The effect of voice-onset-time on dichotic listening with consonant-vowel syllables

Research Area: Research Year: 2006
Type of Publication: Article
Authors: Rimol, L M; Eichele, Tom; Hugdahl, Kenneth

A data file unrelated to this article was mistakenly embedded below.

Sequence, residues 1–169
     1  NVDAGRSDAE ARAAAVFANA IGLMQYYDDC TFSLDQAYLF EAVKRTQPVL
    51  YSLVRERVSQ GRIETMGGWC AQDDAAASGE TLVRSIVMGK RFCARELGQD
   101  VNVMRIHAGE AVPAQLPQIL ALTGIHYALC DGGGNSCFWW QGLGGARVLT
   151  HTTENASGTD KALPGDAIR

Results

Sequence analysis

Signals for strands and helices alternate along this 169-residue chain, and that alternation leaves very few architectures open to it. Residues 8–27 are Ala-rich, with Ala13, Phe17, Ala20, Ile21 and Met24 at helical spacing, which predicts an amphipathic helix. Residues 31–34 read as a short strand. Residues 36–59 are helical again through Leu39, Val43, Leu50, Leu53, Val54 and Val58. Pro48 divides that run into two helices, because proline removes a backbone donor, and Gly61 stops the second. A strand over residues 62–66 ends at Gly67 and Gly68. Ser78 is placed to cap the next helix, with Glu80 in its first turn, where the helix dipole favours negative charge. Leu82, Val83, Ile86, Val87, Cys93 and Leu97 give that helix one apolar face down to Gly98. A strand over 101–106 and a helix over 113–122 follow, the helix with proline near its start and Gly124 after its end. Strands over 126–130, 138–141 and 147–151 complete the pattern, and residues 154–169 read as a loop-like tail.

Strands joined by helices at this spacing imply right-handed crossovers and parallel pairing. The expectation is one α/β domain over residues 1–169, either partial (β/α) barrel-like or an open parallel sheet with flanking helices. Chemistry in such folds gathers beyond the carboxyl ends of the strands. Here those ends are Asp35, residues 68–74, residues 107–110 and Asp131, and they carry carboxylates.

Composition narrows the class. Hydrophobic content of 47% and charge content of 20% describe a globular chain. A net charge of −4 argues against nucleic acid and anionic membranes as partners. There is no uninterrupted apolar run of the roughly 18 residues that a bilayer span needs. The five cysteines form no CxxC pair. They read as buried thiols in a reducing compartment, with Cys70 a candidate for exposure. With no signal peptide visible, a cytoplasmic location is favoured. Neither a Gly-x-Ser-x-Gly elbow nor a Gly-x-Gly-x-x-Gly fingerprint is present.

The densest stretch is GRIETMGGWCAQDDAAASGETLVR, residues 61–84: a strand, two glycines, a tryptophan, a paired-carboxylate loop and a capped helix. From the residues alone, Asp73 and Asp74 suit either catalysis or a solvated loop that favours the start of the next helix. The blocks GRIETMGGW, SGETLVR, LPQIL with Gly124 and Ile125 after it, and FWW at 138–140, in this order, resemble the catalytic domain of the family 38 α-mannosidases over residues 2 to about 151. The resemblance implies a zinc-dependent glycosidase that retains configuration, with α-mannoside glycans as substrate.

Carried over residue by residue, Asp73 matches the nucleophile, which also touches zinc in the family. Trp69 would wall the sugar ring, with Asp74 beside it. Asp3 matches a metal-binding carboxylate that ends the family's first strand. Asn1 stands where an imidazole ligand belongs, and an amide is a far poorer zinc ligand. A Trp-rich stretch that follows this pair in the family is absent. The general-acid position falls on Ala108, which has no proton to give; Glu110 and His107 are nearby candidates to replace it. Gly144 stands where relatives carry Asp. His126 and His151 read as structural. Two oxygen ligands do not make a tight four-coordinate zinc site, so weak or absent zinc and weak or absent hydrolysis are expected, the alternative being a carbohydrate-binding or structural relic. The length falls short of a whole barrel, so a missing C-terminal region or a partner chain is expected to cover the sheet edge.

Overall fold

Dichotic listening (DL) is the most frequently used method to study language lateralization. The current study investigated the effect of voice-onset-time (VOT) in dichotic listening with consonant-vowel (CV) syllables. Eighty-nine subjects with normal hearing and overall right-ear-advantage (REA) were tested with a PC version of the DL test. Voiced and unvoiced stop-consonants were used in combination with the vowel /a/. This produced three syllables with short VOT /ba, da, ga/ and three syllables with long VOT /pa, ta, ka/. There were, therefore, four possible combinations of VOTs when the syllables were presented as dichotic pairs. These were short-long (SL), i.e. syllable-pairs with a short VOT in the left ear and a syllable with a long VOT in the right ear; and similarly long-short (LS), short-short (SS), and long-long (LL). The results showed that syllable pairs with long VOT presented in the right ear and short VOT simultaneously presented in the left ear, produced the largest REA. This was followed by the LL and SS conditions. The LS condition produced a significant left-ear-advantage (LEA). These results demonstrate that VOT significantly affects ear-advantage as observed in the DL test and suggest that VOT may be a more powerful determinant of DL performance than the classic REA effect. The findings are discussed within the framework of different hypotheses about speech laterality.
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